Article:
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Am J Pathol. 2000 Jun;156(6):1835-40.

Association of active extracellular signal-regulated protein kinase with paired helical filaments of inclusion-body myositis muscle suggests its role in inclusion-body myositis tau phosphorylation.

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Department of Neurology, University of Southern California Keck School of Medicine, Good Samaritan Hospital, Los Angeles, CA 90017-1912, USA.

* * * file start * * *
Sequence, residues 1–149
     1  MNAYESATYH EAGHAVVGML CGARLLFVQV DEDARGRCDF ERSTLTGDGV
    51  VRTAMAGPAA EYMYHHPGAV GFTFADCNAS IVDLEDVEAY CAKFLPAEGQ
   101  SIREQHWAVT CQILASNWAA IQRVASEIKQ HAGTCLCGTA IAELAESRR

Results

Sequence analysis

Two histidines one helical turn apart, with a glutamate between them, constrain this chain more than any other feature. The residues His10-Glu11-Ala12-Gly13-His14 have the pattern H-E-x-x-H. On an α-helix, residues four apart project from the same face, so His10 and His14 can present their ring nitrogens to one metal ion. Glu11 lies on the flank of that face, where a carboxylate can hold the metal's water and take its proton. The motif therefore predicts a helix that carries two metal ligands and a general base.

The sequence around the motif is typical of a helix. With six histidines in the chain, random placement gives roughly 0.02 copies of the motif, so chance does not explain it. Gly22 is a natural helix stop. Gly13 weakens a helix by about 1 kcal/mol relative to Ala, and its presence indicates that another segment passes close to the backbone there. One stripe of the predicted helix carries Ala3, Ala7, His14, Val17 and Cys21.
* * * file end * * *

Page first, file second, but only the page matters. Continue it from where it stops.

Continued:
The possible role of extracellular signal-regulated kinase (ERK) in the pathogenesis of inclusion-body myositis (IBM) was investigated by immunostaining the active phosphorylated form of ERK in muscle biopsies of six IBM and 14 control patients. Between 80% and 90% of IBM vacuolated muscle fibers contained well-defined ERK-immunoreactive inclusions, which were co-localized by light microscopy, with phosphorylated tau in 70 to 80% of those fibers. Immunoelectronmicroscopy colocalized ERK to small amorphous tufts adjacent to the muscle fiber paired-helical filaments. Strong ERK immunoreactivity was also present at the postsynaptic domain of all human neuromuscular junctions. Our study suggests 1) that ERK, a signal transducer, might play a role in IBM pathogenesis, including participation in the pathological phosphorylation of IBM tau; and 2) that signal transduction abnormalities may be a component of the IBM pathogenic cascade. Our novel immunolocalization of ERK at the postsynaptic domain of human neuromuscular junctions supports a role in transcription of junctional-protein genes. The ERK localized in nonjunctional regions of IBM fibers may underlie the known pathological up-regulation of junctional proteins there.

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